Yesterday was Canada Day. A shout-out to my Canadian cousins!
Origami Maple Leaf 7.2.2017
Since a Maple leaf appears on the Canadian flag, I decided to fold an Origami Maple Leaf.
But, the Origami model in the tutorial did not look like the eleven-pointed leaf on the Canadian flag.
The more I studied the Origami design, the more I wondered:
“Is this just a very, very stylized version of the Maple leaf?”
I asked Dr. Google and what I found out was surprising.
Turns out that most of the Maples are specific to Asia!
Sugar Maple Leaf and Origami Maple Leaf 7.2.2017
The leaf I picked up from the tree near my house is from a Sugar Maple.
These trees can be found in Eastern North America and Canada. Delicious maple syrup comes from the Sugar Maple tree.
Its leaves turn magnificent colors of red, burnt orange, and yellow during the Fall season.
The Origami model I folded resembles a leaf from a Japanese Maple with five points.
There are many varieties of Japanese Maples – some with red leaves.
This Origami model seems to resemble the Coral Bark Japanese Maple.
“OK, you can fold this Origami Lion,” I thought, studying the YouTube picture.
I failed to take serious note that it was designed by an expert and folded by an expert.
After two hours of struggling to make my fingers manipulate the paper to this lion shape, I gave up with the result below.
Monstrous Origami Creature 6.29.2017
Doesn’t it look rather like a partially emaciated bloodhound with a tongue half out of it’s mouth?
“What a monstrous Origami creature,” I muttered to myself then, tossed the thing into the trash.
Wow, an Origami Kangaroo! It doesn’t look that hard, does it?
Origami Kangaroo 6.24.2017
There are four paws, head and long tail.
Ha, it took me 1 1/2 hours to fold — with two five minute stretching breaks.
Origami Kangaroo 6.24.2017
This was easily an intermediate model and I was clearly out of my comfort zone.
My neck and back began to hurt with the tension and concentration of folding.
The breaks from folding were an absolute necessity.
At one point, I almost abandoned folding this model.
I’m glad I didn’t.
Sometimes, it is good to challenge oneself with a more advanced fold.
Seagulls strut along the dock. A ship’s horn scares them and they scatter to the heavens.
Boston Ferry 6.18.2017
Origami Seagull 6.18.2017
Our ferry passes Tall Ships. We gape at the size of their masts.
We are informed of each vessel’s country and specifics of the complex rigging.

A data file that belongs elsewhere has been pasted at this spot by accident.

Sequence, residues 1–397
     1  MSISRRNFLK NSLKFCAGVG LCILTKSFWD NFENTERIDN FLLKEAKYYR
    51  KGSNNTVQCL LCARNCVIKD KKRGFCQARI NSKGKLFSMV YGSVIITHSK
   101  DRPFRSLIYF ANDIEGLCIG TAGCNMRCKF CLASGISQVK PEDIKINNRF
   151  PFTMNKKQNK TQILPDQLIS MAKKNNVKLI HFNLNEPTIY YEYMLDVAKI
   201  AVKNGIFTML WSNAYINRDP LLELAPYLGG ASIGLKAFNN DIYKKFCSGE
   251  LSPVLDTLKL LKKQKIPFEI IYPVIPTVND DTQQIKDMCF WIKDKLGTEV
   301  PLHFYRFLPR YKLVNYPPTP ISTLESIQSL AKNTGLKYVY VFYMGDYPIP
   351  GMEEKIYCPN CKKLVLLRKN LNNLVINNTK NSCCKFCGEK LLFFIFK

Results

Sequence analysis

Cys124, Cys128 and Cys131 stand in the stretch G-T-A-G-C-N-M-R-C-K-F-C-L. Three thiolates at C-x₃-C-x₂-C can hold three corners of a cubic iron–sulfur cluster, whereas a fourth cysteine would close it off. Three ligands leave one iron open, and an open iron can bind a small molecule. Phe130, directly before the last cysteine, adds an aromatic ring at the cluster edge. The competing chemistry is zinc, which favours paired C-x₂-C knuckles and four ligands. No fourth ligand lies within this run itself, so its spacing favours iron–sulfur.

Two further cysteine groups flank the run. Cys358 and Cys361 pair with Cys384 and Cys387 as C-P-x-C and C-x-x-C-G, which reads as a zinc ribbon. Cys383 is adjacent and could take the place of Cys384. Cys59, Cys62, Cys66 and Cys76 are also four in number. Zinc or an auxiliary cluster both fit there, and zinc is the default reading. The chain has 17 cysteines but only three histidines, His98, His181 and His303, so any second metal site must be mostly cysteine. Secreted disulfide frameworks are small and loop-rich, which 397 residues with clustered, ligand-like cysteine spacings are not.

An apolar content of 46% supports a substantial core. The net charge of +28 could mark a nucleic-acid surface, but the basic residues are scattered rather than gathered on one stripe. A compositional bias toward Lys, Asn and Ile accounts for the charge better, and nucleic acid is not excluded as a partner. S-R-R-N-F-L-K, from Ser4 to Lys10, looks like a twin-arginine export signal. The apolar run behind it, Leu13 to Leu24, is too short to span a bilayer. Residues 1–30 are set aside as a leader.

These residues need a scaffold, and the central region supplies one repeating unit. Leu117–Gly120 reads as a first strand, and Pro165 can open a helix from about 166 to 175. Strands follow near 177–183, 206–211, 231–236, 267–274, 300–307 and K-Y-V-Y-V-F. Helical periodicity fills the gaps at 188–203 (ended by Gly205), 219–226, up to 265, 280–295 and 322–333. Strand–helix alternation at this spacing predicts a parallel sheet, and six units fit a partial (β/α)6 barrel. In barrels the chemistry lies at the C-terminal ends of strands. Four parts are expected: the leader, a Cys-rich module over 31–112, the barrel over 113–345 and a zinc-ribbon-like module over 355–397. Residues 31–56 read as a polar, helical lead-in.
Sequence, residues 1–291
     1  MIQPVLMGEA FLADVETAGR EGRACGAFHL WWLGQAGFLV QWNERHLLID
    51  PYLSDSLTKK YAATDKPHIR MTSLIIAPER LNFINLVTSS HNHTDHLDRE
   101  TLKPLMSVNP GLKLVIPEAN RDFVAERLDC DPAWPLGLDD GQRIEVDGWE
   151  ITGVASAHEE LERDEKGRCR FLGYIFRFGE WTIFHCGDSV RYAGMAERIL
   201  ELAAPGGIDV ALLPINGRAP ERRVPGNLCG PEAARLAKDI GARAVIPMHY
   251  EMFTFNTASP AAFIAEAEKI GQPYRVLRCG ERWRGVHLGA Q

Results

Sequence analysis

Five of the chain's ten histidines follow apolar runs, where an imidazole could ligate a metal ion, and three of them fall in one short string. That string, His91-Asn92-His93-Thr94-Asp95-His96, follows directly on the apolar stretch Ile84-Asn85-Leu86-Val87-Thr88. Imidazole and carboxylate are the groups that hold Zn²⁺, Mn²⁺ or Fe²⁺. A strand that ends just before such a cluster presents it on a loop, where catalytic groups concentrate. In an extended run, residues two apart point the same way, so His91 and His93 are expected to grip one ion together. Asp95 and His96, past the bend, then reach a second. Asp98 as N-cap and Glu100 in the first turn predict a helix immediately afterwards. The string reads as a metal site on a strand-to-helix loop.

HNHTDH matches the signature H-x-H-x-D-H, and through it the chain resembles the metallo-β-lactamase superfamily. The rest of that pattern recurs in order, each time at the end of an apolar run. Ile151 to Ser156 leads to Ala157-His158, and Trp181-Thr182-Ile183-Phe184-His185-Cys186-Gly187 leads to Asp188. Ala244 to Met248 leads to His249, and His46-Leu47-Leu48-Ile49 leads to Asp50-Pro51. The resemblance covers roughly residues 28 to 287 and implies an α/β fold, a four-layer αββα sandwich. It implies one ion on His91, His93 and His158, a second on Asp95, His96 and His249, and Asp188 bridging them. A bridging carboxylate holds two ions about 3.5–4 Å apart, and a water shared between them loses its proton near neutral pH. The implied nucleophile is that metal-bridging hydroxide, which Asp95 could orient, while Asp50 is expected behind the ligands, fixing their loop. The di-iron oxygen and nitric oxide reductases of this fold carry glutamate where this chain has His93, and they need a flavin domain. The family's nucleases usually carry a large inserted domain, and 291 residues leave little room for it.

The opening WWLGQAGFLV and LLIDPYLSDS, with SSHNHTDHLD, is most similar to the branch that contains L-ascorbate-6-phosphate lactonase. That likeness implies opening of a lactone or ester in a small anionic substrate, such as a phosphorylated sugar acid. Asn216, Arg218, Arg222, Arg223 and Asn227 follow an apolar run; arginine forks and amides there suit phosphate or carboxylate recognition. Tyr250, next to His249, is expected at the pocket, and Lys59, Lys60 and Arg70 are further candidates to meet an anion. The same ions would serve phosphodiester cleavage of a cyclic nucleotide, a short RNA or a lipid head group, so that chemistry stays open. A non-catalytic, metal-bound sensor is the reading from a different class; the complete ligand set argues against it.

Schooners and smaller craft sail by.
More than 40 Tall Ships, decorated with a multitude of colorful flags, were on parade yesterday. Today, the Tall Ships are at rest, sails folded.
It’s Father’s Day and I am now fatherless. My dad, Errol, died over ten years ago.
Errol was larger than life…bigger than these Tall Ships in my eyes. Brilliance and hard work led to a full life in Academia.
With my mother, he brought me and my siblings to North America via the Caribbean, Africa and England.
In New England, we would have opportunities not available to us in the British West Indies.
“You’ve had your father your whole adult life,” a friend consoled me at his memorial service.
I did not realize it at the time but she was right. I am grateful for his life.
I remember seeing a Praying Mantis in my mother’s garden in Barbados, West Indies, when I was a child.
The long slender insects with bulging eyes and front legs as if in prayer ate nuisance insects so adults told us to leave them alone.
Praying Mantis 5.13.2017
Were they green, like this Origami Mantis, or light brown? I’m not sure.
As children, we were fascinated by stories of how the female Praying Mantis would bite off the head of the male after mating.
The Origami model here is made from two sheets of paper.
The two models are folded independently but exactly the same. Then, each model was modified; one to form the upper body and the other, the lower body.
It is quite neat how the bottom half of the insect slips under the folds of the upper half. You can see this fold above the lower legs.
The Origami Stress Reliever works. Push – Pop – Push – Repeat.
Stress Reliever a. 4.21.2017
Stress Reliever b 4.21.2017
Stress Reliever c 4.21.2017
You can see the “spring” action from the reverse of the model in the images below.
Stress Reliever – Reverse 4.21.2017
Stress Reliever – Reverse2 4.21.2017
Yesterday, I discovered the fabulous world of Starwarigami!
Starwarigami is the art of folding objects from the Star Wars franchise.
I stumbled across a Moleskine email with free papercraft templates to download including an Origami X-Wing Starfighter Template.
Here is the X-Wing Starfighter from Star Wars VII folded from a dollar bill and another image of the model set against a starry background.
X-Wing Starfighter 3.31.2017
Starfighter In Space 3.31.2917
Moleskine is a vendor of beautifully designed but rather pricey notebooks. Their motto is “Culture, travel, memory, imagination and personal identity.” I carry a Moleskine notebook everywhere to record whatever pops into my head.
Russell, expert folder and Origami Expressions blogger, has a profile photo of an Origami Yoda perched on his head!
Maybe, when I become a better folder, I will try to fold Yoda.